Mutations and activation of glucocerebrosidase (GBA) play a prominent role in the pathogenesis of the alpha- synucleinopathies, PD and LBD. GBA plays a pivotal role in the lysosomal degradation pathway by functioning as a lysosomal enzyme. Most disease causing mutations of GBA are thought to be loss of function mutations that ultimately lead to the GBA deficiency, compromised glucosylceremide (GlcCer) metabolism and the subsequent failure of lysosomal mediated degradation of GBA substrates including alpha-synuclein. Depletion of GBA results in ?-synuclein accumulation and neurodegeneration suggesting compromised GBA cascade contributes to the pathogenesis of ?-synucleinopathies. We and others have found that brains of PD patients with or without mutations in GBA, as well as brains of A53T alpha-synuclein transgenic (Tg) mice, exhibit reduced GBA activity suggesting a role of the enzyme in the pathogenesis of the disease. Interestingly, the loss of catalytic activity of GBA correlated with its quantitative protein reduction, suggesting that unidentified key modulators might play an important role in GBA protein levels and activity though posttranslational modifications (PTMs). Accordingly, we investigated the mechanisms underlying the loss of GBA activity and protein levels by identifying key GBA modulators using tandem affinity purification (TAP) analysis. In preliminary data, we discovered GIP1 (GBA interacting protein 1) and show that GIP1 belongs to a new class of E3 ligases. In this project, we propose to explore the regulation of the GBA by GIP1 and their roles in regulating the pathogenesis of ?-synuclein in PD and LBD.
In specific aim 1 we will determine whether GIP1 interacts with and ubiquitinates GBA in vitro and in vivo.
In specific aim 2 we will examine whether GIP1 targets GBA for degradation, thus regulating GBA activity and its substrates, GlcCer. Since GBA is a lysosomal enzyme that potentially regulates the expression of alpha synuclein, we will also explore whether GIP1 mediated GBA degradation ultimately regulates alpha-synuclein expression and aggregation. To accomplish these specific aims we will utilize lenti-GIP1 shRNA virus to knockdown GIP1 and a herpes simplex-GIP1 virus to overexpress GIP1. In preliminary studies we discovered that GIP1 accumulates in A53T alpha-synuclein Tg mice, PD brains and neurons treated with alpha-synuclein preformed fibrils (PFFs). Thus, in specific aim 3 we will further evaluate whether alpha-synuclein pathology is associated with accumulation of GIP1 and if its accumulation correlates with GBA deficiency and the severity of the alpha-synuclein pathology in A53T alpha-synuclein Tg mice and PD patients, as well as ?-synuclein PFFs treated neurons. Moreover, preliminary data indicates that depletion of GIP1 significant reduces alpha-synuclein PFFs induced neuronal death. Thus, in specific aim 3, we will also evaluate the role of GIP1 in alpha-synuclein PFFs induced neuronal death. Ultimately this project will determine the full implications of the GIP1-GBA-alpha-synulcein neurodegenerative pathway and will identify new targets for therapeutic intervention in PD and LBD.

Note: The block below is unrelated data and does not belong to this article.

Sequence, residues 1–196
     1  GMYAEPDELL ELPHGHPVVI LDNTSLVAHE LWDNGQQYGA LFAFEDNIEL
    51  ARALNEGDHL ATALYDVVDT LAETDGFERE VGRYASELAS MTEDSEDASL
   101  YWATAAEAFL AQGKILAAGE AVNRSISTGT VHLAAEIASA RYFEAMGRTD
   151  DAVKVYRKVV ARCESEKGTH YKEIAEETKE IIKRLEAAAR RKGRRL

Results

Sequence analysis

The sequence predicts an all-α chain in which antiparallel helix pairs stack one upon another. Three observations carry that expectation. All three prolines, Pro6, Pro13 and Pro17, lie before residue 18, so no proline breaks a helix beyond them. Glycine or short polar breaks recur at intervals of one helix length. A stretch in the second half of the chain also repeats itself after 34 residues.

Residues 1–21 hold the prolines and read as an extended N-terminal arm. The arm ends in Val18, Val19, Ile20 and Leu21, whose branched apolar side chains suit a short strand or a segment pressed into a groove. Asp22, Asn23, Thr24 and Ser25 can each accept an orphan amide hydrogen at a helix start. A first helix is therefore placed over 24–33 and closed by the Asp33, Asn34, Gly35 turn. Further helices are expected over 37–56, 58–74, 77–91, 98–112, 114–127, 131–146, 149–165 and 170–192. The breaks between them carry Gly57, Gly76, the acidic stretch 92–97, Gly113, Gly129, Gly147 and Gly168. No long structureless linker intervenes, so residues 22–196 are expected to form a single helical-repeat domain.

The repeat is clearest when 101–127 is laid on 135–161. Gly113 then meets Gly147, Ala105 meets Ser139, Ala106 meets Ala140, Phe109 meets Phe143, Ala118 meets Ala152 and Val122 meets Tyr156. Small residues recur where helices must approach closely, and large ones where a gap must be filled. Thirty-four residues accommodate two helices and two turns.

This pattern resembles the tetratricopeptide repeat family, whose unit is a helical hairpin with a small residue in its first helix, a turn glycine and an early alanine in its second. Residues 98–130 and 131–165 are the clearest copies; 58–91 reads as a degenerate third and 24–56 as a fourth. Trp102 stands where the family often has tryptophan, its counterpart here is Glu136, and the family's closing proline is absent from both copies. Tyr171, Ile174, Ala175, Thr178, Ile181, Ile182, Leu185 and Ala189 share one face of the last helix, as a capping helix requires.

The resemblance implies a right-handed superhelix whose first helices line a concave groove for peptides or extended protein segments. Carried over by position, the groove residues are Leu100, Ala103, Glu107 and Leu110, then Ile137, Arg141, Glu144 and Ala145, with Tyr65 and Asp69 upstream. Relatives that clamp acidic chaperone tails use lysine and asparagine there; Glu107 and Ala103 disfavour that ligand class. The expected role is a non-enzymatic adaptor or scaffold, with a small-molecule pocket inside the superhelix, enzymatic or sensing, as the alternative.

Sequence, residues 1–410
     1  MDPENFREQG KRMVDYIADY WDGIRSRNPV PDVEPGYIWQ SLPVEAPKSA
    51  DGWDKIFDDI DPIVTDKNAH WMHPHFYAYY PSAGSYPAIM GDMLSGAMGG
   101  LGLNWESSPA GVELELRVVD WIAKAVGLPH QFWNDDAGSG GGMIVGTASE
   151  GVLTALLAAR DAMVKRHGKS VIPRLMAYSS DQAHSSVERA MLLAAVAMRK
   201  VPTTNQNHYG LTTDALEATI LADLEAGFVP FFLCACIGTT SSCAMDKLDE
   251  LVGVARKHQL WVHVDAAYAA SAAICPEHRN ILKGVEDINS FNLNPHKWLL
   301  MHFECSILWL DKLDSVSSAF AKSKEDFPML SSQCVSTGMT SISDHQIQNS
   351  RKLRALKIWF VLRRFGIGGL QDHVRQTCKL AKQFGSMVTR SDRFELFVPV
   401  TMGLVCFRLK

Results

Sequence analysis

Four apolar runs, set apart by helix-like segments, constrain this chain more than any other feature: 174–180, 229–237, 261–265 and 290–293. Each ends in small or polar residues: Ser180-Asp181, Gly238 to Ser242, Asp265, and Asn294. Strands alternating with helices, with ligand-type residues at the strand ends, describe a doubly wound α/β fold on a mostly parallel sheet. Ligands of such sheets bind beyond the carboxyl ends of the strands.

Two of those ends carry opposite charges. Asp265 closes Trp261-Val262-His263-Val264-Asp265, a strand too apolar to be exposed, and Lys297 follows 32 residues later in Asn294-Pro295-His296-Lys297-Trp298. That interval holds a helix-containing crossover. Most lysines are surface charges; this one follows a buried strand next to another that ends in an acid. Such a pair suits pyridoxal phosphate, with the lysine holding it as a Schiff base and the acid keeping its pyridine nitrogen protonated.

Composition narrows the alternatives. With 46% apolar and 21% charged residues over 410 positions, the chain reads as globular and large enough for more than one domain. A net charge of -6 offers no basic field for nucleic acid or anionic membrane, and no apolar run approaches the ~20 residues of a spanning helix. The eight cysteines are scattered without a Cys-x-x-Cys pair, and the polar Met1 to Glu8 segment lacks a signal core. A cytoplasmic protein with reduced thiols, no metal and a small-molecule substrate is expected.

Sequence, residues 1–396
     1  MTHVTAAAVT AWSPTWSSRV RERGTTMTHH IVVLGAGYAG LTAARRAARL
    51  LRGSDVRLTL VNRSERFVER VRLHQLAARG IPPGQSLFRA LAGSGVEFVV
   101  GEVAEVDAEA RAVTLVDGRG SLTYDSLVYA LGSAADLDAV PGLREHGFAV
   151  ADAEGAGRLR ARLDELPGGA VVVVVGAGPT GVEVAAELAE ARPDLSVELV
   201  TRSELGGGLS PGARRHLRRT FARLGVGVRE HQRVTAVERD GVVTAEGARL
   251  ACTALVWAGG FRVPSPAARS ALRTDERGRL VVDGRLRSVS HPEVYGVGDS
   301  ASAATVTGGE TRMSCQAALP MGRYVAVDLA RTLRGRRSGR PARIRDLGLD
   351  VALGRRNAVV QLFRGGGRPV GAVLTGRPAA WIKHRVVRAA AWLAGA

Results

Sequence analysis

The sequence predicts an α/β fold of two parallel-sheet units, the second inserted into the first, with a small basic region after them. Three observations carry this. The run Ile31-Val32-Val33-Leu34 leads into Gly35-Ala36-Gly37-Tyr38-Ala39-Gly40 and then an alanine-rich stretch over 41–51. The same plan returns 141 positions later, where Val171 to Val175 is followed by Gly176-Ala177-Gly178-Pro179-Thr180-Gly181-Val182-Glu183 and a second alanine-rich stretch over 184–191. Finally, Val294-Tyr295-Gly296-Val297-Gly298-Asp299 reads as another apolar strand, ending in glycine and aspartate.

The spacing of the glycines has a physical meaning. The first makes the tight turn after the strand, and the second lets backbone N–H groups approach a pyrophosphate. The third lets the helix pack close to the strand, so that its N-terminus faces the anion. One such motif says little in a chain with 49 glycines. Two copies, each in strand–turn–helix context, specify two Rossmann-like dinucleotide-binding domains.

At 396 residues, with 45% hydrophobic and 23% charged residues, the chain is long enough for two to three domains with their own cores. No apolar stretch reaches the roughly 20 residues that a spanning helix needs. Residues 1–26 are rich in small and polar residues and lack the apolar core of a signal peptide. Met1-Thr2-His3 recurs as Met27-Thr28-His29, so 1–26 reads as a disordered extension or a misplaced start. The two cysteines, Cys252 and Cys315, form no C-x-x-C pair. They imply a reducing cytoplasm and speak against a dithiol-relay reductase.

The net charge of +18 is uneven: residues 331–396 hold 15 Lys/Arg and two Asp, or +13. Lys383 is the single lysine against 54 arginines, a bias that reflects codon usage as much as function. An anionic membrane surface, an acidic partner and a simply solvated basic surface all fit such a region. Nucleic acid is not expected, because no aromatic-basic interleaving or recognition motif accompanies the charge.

Mutations in GBA are the most prevalent risk factor of PD, yet little is known about how this protein functions in the pathogenesis of PD and alpha-synucleinopathies. The goals for this project are to understand the function and dysfunction of GBA and identify the potential therapeutic targets to treat PD and alpha-synucleinopathies.
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